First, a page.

Go out = salir (pronounced, more or less, 'sah-leer').To = a (ah)Eat = comer (ko mehr)Salir a comer!In Spain, if you ask somebody to 'comer', they understand to have lunch. Ex: Quedamos para comer a las dos? Do we meet at 2PM for lunch?Quedamos para cenar a las 9. We're meeting at 9 for dinner.You might also mean 'going out to eat', where many people simply say 'comer fuera'.Ex: No me gusta comer fuera. I don't like eating out.I hope this helps!
Why isn't Spanish widely spoken in the Philippines like in other Spanish colonies (e.g. Latin America)?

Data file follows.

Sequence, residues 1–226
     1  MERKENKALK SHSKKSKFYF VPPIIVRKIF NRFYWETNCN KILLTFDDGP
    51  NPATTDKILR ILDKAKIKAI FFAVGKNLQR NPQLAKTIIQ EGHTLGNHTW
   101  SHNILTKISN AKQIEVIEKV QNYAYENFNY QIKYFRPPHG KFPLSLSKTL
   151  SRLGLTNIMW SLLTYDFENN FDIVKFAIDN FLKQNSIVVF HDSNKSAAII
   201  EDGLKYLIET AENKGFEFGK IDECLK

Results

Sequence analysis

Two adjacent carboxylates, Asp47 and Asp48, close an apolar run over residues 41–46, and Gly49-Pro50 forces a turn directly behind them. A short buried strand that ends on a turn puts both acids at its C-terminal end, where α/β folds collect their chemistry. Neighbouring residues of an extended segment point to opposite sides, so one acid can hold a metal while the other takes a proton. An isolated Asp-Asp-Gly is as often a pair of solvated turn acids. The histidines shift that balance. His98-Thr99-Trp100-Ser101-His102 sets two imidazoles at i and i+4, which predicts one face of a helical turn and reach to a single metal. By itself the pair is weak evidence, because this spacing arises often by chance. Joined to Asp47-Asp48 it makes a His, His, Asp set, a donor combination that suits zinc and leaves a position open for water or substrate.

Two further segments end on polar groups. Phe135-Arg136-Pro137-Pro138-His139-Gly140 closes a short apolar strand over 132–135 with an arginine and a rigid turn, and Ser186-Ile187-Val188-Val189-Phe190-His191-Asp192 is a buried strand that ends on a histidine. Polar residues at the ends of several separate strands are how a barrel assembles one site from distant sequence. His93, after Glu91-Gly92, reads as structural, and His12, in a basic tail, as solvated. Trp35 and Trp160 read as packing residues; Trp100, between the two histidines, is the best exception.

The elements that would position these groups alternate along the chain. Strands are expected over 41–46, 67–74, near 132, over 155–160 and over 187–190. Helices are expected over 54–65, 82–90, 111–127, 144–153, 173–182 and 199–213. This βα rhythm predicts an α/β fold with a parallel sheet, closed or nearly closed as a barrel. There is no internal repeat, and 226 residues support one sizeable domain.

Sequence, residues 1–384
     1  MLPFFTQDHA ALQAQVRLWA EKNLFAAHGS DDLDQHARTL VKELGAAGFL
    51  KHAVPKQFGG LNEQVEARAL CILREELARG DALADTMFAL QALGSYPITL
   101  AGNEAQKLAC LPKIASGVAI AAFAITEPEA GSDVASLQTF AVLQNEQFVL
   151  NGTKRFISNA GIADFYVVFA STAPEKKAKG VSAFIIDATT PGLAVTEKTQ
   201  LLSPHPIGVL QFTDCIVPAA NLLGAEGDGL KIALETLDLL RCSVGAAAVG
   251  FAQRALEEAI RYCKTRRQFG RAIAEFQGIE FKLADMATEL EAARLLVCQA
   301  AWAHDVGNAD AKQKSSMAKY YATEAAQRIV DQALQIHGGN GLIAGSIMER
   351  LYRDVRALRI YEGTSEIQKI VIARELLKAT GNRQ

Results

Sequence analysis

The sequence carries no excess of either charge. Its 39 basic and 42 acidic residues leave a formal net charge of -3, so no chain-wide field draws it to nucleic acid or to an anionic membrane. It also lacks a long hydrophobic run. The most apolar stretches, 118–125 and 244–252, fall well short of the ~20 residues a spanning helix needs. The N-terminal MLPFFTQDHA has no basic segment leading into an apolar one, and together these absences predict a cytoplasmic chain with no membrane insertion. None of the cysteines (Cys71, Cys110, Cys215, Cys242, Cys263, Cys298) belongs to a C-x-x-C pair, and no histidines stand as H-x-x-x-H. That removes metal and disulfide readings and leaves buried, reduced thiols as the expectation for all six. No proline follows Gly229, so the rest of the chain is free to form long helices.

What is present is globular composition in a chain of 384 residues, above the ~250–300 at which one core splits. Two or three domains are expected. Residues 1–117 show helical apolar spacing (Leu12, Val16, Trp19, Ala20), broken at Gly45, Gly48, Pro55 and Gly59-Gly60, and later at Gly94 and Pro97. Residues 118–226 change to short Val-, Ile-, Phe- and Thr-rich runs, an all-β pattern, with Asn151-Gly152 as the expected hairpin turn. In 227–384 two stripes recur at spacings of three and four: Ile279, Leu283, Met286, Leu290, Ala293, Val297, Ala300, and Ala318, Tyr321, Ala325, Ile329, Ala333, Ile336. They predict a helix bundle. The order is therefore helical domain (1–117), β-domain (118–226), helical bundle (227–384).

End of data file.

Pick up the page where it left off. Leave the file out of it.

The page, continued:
I want to refute each and every answer here that claims that Spanish wasn't spoken widely in the Philippines, simply because the historical record shows that this wasn't the case.  In fact, and let me emphasize this, Spanish was spoken by a majority of Filipinos by the time the Americans arrived, and then some.What apparently led though to the dominance of English in Philippine society can be traced to the deliberate intention of the government of the United States and its functionaries in the Philippines to disconnect the Philippines from Spain, Spanish culture and the Spanish language, preventing its spread in an ultimately successful bid to "Americanize" the country and its people.  This took three forms:The Americans laid down a superior education system.The Americans actively suppressed the use of Spanish and encouraged the use of English in Filipino public life.The Battle of Manila happened, destroying most of the city, and with its destruction died much of the city's Spanish-speaking population.Guillermo Gómez Rivera, the Philippines' foremost Hispanicist and the most senior member of the Academía Filipina de la Lengua Española, goes so far as to call it the first modern instance of cultural genocide.[1]  That claim is a very big stretch which, among others, makes Gómez Rivera a very controversial figure in the local academe (he is known to some as the Philippines' Don Quixote), but if you ask me, once you look at the record it makes some sense.  I'll be citing a lot of his research, though the Wikipedia article on the Spanish language in the Philippines has a lot of other excellent sources as well, some of which will come out here.Why?  First, we should lay down the facts as to how many Spanish speakers there actually were in the Philippines, as there are two conflicting accounts to this number.In the 1903 and 1905 censuses of the Philippine Islands, which were conducted by the United States, the numbers claimed that only 10% of the population spoke Spanish.  When superimposed upon the total population of nine million people at the time, which Fr. Manuel Arellano Remondo of the University of Santo Tomas published in the General Geography of the Philippine Islands, there were only some 900,000 Spanish speakers in the Philippines.[2]However, this number only counted those who spoke Spanish as their "first and only language".  Later in 1908, Don Luciano de la Rosa, a katipunero, lawyer and member of the Philippine Assembly, asserted that this number was higher.  He published a study showing that 60% of the total population of the Philippines spoke Spanish as a second language.  This means that if you combine both numbers together, some 70% of the entire population of the Philippines spoke Spanish either as a first or second language.[2]If some 70% of the entire Philippine population spoke Spanish in one form or another, that has to mean that the Philippines at the onset of American colonization had a Hispanophone majority and that the language was the language of Filipino social life.  Early Americans in the Philippines in fact confirmed this reality.  One of them was David P. Barrows, who had arrived in the Philippines to serve as the Director of the Bureau of Public Instruction (now the Department of Education).[3]"Of the adult population, including persons of mature years and social influence, the number speaking English is relatively small. This class speaks Spanish, and as it is the most prominent and important class of people in the Islands, Spanish continues to be the most important language spoken in political, journalistic and commercial circles"That has to mean that Spanish was the predominant foreign language in the Philippines, and that it had a wide following.  So what happened?Well, to address the first point, the Americans brought about an education system that surpassed what the Spanish had set up.  But rather than producing just English speakers, the school system also produced more Spanish speakers.  This actually alarmed Barrows.[4]"It is to be noted that with the increased study and use of English, there has been an increased study of Spanish. I think it is a fact that many more people in these islands have a knowledge of Spanish now than they did when the American Occupation occurred"But not to worry, he says.  Barrows says that should the United States suppress the use of Spanish in the Philippines, its influence will wane because the Philippines is too far from the Hispanic world to expect any meaningful support from other Spanish-speaking countries.  Gómez Rivera claims that this reveals the "white Anglo-Saxon policy of deliberately isolating the Filipinos from the Hispanic world that they belonged to".[4]"But in spite of these facts, it is believed that the use of Spanish will wane. It is unsupported by Spanish-speaking countries adjacent to us"It didn't help that Spanish in the Philippines was actively demonized by the United States, and this took many forms.  On the one hand, it was made to look old-fashioned and Spain was painted as the "evil" colonial power that murdered Rizal and that the Americans saved the Filipinos from.[5]  On the other, the American colonial government expanded English education and made English the language of higher education despite the resistance of prominent educators.[6]  This marginalized Spanish from all facets of public life, so much so that it was said that speaking in Spanish was to speak of persecution.[7]If Spanish wasn't the lingua franca of the Philippines, then why is the "golden age" of Philippine Spanish literature considered to have taken place in the years prior to World War II?  Up until the 1920s and early 1930s, some of the most prominent pieces of Filipino Spanish literature were produced by some of the country's foremost writers,[7] and this wouldn't have happened if most Filipinos weren't literate in Spanish.  Philippine literature in English, on the other hand, was still in its relative infancy.Colonial policies were effective in increasing the number of English speakers: by 1918, the number of English native speakers was at close to 900,000, while Spanish native speakers were at 750,000.[5]  By the 1940s, although English speakers were clearly becoming the majority, Spanish was still spoken in urban areas.  In fact, Spanish was still the language of Manila, not English,[7] to the extent that the district of Ermita even had its own distinct variety of Chavacano, the now-extinct Ermitaño or Ermiteño. (More on this in a separate Quora answer.)However, World War II came about, and with it came the death of millions of Filipinos, many of whom were Spanish-speaking.  In the Battle of Manila, over 100,000 people died either in the Japanese-perpetuated Manila massacre or the American air bombing of the city, which ultimately leveled most of the city.  In the ensuing battle, 90% of Spanish-owned buildings and institutions were destroyed either by the Japanese or the Americans,[8] and Intramuros and Ermita were the hardest hit, dismantling the heart of Hispanic life in Manila.  With the United States effectively winning three wars (the Spanish–American War, local wars from the Philippine–American War to the Moro Rebellion, and the Battle of Manila) on Philippine territory, English was imposed as the language of the victor.[7]At this point, while I am generally proud of what the United States has achieved for itself, the darker side of its history should be called out as well.  Being an American outside the United States has allowed me to be more critical of its worldwide legacy, and ultimately, it becomes our responsibility to learn from it.A professor of mine at the Ateneo de Manila once said that the reason why the United States has some of the world's best historians is because they have to cover up all the evil the country has done over the last 200+ years.  While that claim is debatable, you can't deny that the United States has systematically destroyed non-white cultures in its quest for empire.  The Philippines may be one example, but what about Guam?  Hawaii?  Native Americans?  Heck, even Puerto Rico?  Our greatness has come at the expense of other peoples, and while it's a stretch to say that we should make it right, it's only fair to have a critical discussion about it and to see how we can move forward.Spanish may be dying in the Philippines thanks to the Americans, but it's not dead yet.  If anything, I'm hopeful for its future, but for that to happen, we need to have a very serious discussion about what exactly happened here.[1] Gómez Rivera, Guillermo.  "La persecución del uso oficial del idioma español en Filipinas".  RArbil (119).[2] Gómez Rivera, Guillermo.  "2. NUMBERS FROM VARIOUS SOURCES: AGUSTIN CAVADA, MANUEL ARELLANO Y LUCIANO DE LA ROSA".  In Statistics: The Spanish Language in the Philippines.[3] Gómez Rivera, Guillermo.  "4. NUMBERS FROM VARIOUS SOURCES: THE 1903 CENSUS, TIRSO DE IRURETA GOYENA Y DAVID P. BARROWS".  In Statistics: The Spanish Language in the Philippines.[4] Gómez Rivera, Guillermo. "5. INCREASE IN THE NUMBERS OF SPANISH SPEAKERS".  In Statistics: The Spanish Language in the Philippines.[5] Quilis, Antonio and Casado-Fresnillo, Celia.  La lengua española en Filipinas: historia, situación actual, el chabacano, antología de textos.  Madrid: Estilo Estugraf Impresores, S.L. (2021).[6] Gómez Rivera, Guillermo. "Educadores y sabios adredemente olvidados". La Guirnalda Polar (53), March 2001.[7] Rodríguez-Ponga, Rafael.  "Pero ¿cuántos hablan español en Filipinas?". Cuadernos hispanoamericos (631), January 2003.[8] "The Sack of Manila". The Battling Bastards of Bataan.